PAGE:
Just How Real Are "They"?

Tuesday, April 20, 2010

As I put my characters through their paces, I find they're getting mouthy. "Let's see you do it!" seems to be the rally-cry of choice at the moment. Maybe you've never had an overly opinionated character try and talk you out of inflicting some terrible fate on them, but I'd wager you know exactly what I'm talking about.

There comes a point, if you've drawn your characters realistically, that their voices become distinct. They develop their own personalities (much like children, those personalities aren't always what their progenitor expects and/or plans), and you can't help but care for them and what they've become.

Then it happens...

Also like children, they start to think they can manipulate you into getting their way.

They don't like the way they look, so they decide to dye their hair.

They come out of the closet or undergo complete gender re-assignment without notice. They switch nationalities like you'd change shoes.

They share secrets with each other that one will inevitably blurt out at the most inopportune (but dramatically perfect) moment.

Something's too hard, and they don't want to do it, so they whine and scream and cry and throw a full bodied temper tantrum, refusing to cooperate until you cave. (This is where their brilliant coup falls apart, because unlike children, no one else can hear them. Ha!)

Something's boring and they want to do something else. (This one you should probably listen to. If the characters are bored, the reader will be, too.)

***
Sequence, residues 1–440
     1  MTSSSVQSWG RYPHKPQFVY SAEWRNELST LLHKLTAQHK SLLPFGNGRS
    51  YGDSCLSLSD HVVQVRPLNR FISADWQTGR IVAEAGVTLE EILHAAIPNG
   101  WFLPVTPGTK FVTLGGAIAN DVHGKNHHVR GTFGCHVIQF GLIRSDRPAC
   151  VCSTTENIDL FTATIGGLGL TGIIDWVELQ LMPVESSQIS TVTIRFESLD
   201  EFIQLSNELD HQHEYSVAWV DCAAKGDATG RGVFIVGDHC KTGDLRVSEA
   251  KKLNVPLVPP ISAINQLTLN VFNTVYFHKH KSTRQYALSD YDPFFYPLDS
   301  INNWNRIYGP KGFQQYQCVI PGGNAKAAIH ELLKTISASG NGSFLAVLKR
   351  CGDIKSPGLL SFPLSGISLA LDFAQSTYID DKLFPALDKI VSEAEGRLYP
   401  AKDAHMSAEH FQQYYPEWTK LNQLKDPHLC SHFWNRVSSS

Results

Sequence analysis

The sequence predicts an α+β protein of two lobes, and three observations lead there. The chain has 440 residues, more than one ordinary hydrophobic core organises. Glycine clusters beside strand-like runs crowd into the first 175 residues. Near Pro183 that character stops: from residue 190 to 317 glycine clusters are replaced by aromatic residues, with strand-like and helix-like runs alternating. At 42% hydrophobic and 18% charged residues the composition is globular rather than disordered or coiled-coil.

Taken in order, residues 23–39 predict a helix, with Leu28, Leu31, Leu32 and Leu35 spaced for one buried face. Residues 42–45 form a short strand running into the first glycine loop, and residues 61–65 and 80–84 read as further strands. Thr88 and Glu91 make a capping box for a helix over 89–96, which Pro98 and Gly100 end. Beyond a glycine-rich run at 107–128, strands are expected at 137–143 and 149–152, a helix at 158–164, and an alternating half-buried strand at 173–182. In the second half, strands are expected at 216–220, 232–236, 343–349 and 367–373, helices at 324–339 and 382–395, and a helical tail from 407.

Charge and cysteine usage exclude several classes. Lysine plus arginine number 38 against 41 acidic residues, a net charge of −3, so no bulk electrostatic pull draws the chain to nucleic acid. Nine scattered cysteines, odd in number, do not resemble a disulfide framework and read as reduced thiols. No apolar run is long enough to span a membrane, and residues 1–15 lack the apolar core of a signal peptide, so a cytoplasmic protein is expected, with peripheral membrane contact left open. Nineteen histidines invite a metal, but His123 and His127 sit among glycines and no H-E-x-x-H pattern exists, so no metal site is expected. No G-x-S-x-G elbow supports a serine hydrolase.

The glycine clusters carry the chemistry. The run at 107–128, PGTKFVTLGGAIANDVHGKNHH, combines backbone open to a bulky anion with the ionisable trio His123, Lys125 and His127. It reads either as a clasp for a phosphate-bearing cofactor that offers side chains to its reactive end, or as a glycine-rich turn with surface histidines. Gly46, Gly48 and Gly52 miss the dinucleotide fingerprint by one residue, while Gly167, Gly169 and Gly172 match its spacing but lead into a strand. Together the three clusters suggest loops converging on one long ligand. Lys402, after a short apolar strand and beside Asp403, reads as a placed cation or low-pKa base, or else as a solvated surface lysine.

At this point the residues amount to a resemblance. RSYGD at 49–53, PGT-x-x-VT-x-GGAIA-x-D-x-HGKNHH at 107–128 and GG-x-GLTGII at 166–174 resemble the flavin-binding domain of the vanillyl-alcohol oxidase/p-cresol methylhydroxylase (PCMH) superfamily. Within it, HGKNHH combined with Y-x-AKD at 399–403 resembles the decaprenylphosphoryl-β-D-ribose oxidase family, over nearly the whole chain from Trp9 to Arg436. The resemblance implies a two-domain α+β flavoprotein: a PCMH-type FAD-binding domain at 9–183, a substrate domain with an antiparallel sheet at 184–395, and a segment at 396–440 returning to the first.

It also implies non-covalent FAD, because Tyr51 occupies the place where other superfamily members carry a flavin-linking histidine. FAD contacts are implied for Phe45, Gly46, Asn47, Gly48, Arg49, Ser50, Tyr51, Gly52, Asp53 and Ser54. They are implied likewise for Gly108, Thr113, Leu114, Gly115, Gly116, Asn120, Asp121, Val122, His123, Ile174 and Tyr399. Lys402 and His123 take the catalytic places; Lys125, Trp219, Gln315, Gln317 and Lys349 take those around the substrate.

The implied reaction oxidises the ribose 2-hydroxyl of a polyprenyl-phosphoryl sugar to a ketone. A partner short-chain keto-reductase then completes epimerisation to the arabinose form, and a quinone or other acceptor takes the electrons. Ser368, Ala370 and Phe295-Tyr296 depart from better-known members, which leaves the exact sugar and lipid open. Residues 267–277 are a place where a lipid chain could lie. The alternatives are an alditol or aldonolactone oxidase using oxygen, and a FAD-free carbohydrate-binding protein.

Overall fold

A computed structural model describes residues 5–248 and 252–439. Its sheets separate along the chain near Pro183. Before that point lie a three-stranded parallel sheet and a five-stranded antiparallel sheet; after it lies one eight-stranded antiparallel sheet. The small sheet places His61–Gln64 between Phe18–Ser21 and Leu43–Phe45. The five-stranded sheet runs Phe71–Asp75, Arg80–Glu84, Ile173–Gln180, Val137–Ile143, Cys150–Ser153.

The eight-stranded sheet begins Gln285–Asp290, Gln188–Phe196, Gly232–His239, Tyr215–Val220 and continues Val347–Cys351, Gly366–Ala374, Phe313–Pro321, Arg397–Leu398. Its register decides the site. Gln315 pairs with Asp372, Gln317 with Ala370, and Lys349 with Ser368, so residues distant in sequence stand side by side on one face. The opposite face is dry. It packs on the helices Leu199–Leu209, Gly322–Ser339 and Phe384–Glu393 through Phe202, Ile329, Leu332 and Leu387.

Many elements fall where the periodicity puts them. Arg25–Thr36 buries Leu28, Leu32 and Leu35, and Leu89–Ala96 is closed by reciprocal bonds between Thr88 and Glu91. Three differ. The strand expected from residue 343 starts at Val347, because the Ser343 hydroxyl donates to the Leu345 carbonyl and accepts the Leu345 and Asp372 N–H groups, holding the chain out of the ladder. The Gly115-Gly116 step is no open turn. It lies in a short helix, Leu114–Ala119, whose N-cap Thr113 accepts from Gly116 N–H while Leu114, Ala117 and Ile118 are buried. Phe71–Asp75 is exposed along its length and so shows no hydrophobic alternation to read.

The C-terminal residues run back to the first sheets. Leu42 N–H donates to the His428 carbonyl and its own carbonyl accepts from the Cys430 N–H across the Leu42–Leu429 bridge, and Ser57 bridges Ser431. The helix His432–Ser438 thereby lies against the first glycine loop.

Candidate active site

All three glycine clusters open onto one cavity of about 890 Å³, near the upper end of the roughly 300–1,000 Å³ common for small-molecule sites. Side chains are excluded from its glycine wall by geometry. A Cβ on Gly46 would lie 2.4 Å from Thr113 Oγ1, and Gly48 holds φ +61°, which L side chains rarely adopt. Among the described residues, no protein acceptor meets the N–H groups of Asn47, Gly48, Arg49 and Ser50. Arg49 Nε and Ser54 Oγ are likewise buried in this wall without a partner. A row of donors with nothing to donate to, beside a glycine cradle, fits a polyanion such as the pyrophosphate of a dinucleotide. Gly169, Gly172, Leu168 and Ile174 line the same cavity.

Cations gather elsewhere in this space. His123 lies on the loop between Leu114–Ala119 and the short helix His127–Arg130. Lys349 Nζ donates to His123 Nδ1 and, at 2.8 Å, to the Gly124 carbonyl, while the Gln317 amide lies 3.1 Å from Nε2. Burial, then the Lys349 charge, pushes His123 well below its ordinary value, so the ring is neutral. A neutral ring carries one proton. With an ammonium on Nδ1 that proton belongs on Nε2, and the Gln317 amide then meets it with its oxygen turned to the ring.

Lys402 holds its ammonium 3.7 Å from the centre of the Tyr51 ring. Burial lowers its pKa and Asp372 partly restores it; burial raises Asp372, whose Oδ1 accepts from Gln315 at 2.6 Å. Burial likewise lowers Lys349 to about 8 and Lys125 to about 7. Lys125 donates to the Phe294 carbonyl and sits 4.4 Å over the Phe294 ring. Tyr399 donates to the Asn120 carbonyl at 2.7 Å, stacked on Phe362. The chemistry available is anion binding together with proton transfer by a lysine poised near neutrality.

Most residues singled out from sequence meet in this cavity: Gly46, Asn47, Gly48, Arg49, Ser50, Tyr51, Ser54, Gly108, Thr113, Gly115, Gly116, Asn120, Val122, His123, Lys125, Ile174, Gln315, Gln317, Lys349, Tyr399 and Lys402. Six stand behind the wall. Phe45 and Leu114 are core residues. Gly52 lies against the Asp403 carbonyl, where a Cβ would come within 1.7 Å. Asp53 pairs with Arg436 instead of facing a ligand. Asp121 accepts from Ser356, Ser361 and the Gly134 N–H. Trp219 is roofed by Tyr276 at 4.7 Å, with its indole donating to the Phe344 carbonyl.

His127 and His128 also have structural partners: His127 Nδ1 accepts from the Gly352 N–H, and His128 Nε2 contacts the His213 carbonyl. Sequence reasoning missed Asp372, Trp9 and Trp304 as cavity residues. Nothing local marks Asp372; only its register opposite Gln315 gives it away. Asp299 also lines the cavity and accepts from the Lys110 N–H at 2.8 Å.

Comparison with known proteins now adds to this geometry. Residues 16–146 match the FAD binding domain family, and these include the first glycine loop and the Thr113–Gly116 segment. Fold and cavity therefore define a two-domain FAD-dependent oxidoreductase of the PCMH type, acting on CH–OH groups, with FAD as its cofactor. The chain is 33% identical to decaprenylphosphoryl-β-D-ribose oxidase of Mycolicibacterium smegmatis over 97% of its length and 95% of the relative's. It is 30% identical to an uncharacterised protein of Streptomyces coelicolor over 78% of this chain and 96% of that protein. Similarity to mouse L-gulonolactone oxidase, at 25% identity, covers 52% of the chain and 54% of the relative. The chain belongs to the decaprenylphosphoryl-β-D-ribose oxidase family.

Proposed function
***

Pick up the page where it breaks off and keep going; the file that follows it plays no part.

Now you've come to the point where you have to decide if you want to keep going with the story you thought you were writing or do you want to let the characters "live" organically. You've given them the voice they use and the past that they draw from, so maybe you should trust that part of you that created them to know best.

It's strange, but exciting when characters come into their own. And the resulting words can be surprisingly perfect in a way you could never have planned on your own.

6 Chiming In:

JE said...

You have a problem when you start listening to them nit-pick. LoL ;-)


Matthew MacNish said...

I wish this happened to me more. I'm a bit of a control freak so it is rare for my characters to start influencing me, but it has happened.

Terry Towery said...

Ha. My characters are more problematic than my children. :)

Zoe C. Courtman said...

Oh, I *love* it when that happens. It makes the writing so much easier because a) the characters do a lot of the grunt work themselves and b) BONUS! it helps you know you're on the right track. Great blog :D I'm a new follower!

Shannon said...


I laughed when I read this post. I know exactly what you mean from the gender reassignment to the refusal to do something.

When I started writing, I remember reading a comment from some writer who complained that her characters sat on the edge of her bed and kept her awake at night. I shook my head and thought "no way, there are fictional. I control them."

Yeah right.

Now I find myself saying things like, "That outfit would look good on Sophie," or "Colin loves this beer."

And, I'm rambling.

Thanks for the post.

Cynthia Reese said...

Ha! I remember one of the first books I wrote, the love interest was SUPPOSED to be the son, but then he wound up going off to the army, and it was his DAD that the heroine fell for. Dangit. Idiot girl was supposed to be learning how to work on race cars, not fall in love with a guy who was way cooler than the twit he called junior.

Characters. You slave over them and breathe life into them, and how do they thank you? Ungrateful creatures. :-)

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